Russian figure skater Valieva banned for doping, ROC loses Olympic gold -CAS

January 29, 2024 – 9:50 AM PST

Kamila Valieva of the Russian Olympic Committee in action. REUTERS/Aleksandra Szmigiel/File Photo
Kamila Valieva of the Russian Olympic Committee in action. REUTERS/Aleksandra Szmigiel/File Photo

GENEVA (Reuters) – Russian figure skater Kamila Valieva received a four-year doping ban on Monday, effectively stripping the Russian Olympic Committee (ROC) of its gold medal in the team event at the 2022 Beijing Winter Games nearly two years after the competition.


In its long-awaited ruling, the highest court in sport found Valieva guilty of committing an anti-doping rule violation that rattled the Beijing Olympics and frustrated competitors who are still waiting for their medals from the event to be allocated.

“Kamila Valieva is found to have committed an anti-doping rule violation and sanctioned with a four-year period of ineligibility commencing on 25 December 2021,” the Court of Arbitration for Sport (CAS) said.

The court added that all of Valieva’s competitive results achieved since that date are voided, including the gold medal she helped ROC win in the team event at the 2022 Games.

The World Anti-Doping Agency (WADA), one of the parties that brought the case to CAS, welcomed the decision, describing it as a victory for fair sport.

“WADA took this appeal to CAS in the interests of fairness for athletes and clean sport and we believe that has been delivered through this decision,” it said in a statement.

In comments carried by RIA news agency, Kremlin spokesperson Dmitry Peskov dismissed the ruling as politically motivated.

The CAS panel determined there had been no scope for Valieva, who was 15 at the time of the offence, to be treated with more leniency than an adult found to have committed an anti-doping rule violation.

Valieva tested positive for the banned substance trimetazidine, which prevents angina, at the Russian national championships in December 2021.

Her team has said the positive test could have been due to a mix-up with her grandfather’s heart medication.

The result of the positive doping test was only made known a day after Valieva helped the ROC win gold in the team event in Beijing in February 2022.

“While any sense of true justice has been denied by the unbelievable and unnecessary delay in this case, we are incredibly pleased for clean athletes that this sad saga has finally come to an end,” said Travis Tygart, CEO of the United States Anti-Doping Agency (USADA).

“At the same time, our hearts hurt for yet another Russian athlete who the system has failed.”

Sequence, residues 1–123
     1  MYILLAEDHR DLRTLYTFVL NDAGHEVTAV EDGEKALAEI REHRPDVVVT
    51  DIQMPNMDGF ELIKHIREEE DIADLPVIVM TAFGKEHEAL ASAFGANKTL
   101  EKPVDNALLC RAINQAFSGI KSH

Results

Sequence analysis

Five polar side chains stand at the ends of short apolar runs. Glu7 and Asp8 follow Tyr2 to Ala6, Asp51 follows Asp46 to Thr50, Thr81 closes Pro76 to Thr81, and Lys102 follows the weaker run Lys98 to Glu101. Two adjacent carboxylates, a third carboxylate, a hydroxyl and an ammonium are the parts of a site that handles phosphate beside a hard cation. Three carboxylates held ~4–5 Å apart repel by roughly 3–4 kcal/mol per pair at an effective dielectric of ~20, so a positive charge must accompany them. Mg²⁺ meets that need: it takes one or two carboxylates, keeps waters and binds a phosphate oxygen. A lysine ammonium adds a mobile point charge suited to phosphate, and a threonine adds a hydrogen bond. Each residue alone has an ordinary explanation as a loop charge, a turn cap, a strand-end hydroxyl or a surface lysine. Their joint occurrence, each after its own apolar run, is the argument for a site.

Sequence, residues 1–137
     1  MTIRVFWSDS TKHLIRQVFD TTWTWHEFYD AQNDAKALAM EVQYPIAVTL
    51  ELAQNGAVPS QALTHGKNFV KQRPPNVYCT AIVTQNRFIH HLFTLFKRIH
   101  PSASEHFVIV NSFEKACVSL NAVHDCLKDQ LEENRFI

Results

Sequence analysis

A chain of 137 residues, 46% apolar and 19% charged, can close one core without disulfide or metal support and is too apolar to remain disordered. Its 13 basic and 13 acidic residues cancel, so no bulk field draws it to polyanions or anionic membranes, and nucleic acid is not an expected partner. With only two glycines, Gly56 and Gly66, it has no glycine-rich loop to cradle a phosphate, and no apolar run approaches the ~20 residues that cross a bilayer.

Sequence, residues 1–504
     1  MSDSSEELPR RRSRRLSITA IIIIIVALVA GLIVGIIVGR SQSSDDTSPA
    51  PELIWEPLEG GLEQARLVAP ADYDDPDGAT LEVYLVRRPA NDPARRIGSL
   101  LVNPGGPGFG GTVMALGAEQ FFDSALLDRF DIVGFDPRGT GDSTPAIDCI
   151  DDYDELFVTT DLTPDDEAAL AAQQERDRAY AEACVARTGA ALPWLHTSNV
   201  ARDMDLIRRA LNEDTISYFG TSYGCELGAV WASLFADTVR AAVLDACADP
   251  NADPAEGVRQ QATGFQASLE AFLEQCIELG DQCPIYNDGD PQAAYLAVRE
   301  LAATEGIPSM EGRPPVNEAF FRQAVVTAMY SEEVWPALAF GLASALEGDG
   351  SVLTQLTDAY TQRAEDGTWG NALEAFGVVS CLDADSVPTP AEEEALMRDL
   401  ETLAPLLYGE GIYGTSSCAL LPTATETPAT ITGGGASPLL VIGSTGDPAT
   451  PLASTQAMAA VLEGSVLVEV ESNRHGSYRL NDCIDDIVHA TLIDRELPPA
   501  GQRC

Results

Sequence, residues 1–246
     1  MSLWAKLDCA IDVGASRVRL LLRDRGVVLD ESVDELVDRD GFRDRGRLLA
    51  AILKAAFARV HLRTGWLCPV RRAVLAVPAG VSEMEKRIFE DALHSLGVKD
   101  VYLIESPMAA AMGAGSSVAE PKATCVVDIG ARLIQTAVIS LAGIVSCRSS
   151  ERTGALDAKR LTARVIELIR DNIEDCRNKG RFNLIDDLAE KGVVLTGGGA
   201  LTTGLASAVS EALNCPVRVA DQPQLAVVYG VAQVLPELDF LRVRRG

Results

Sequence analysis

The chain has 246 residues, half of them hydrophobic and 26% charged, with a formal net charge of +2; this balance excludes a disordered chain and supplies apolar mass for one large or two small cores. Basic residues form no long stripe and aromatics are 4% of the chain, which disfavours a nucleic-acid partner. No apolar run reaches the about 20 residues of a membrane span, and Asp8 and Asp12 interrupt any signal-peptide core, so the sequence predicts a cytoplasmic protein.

Valieva, who became the first woman to land a quadruple jump at the Olympics during the team event, had been favourite to win the singles gold but missed out on an individual medal after dropping to fourth place with an error-laden free skate.

Her suspension will be lifted in time for the 2026 Milano-Cortina Winter Games.

During the Beijing Games, the International Olympic Committee (IOC) decided no medals for the team figure skating event would be presented until Valieva’s case had been resolved.

The United States took silver behind the Russians, with Japan getting the bronze and Canada placing fourth.

American figure skaters have repeatedly expressed their frustration over the delay in receiving the team medals, with Vincent Zhou saying the global anti-doping system was failing athletes.

“Today is a day we have been eagerly awaiting for two years, as it is a significant win not only for Team USA athletes but also for athletes worldwide who practice fair play and advocate for clean sport,” said Sarah Hirshland, chief executive officer of the United States Olympic and Paralympic Committee.

“We now anticipate the day when we can wholeheartedly celebrate these athletes, along with their peers from around the world.”

The Canadian Olympic Committee (COC) and Skate Canada applauded both the ruling and the athletes for their dedication and perseverance over the protracted battle.

“We believe today’s decision is an important milestone in this years-long case,” said the COC in a statement.

“We once again congratulate the affected Team Canada athletes for their incredible performances two years ago, and their enduring strength of character during this long process.”

Reporting by Gabrielle Tétrault-Farber in Geneva Additional reporting by Steve Keating in Toronto and Maxim Rodionov in London Editing by Gareth Jones, Christian Radnedge and Ken Ferris

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